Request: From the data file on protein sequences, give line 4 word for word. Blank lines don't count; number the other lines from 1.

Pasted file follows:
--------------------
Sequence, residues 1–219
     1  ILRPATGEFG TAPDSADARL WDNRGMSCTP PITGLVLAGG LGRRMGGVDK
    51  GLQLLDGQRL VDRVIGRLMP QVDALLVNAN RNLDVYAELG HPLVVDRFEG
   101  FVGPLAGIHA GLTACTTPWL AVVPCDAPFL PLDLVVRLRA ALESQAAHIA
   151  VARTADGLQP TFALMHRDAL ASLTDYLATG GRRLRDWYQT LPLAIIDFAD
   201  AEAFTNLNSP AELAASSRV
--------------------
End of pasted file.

   101  FVGPLAGIHA GLTACTTPWL AVVPCDAPFL PLDLVVRLRA ALESQAAHIA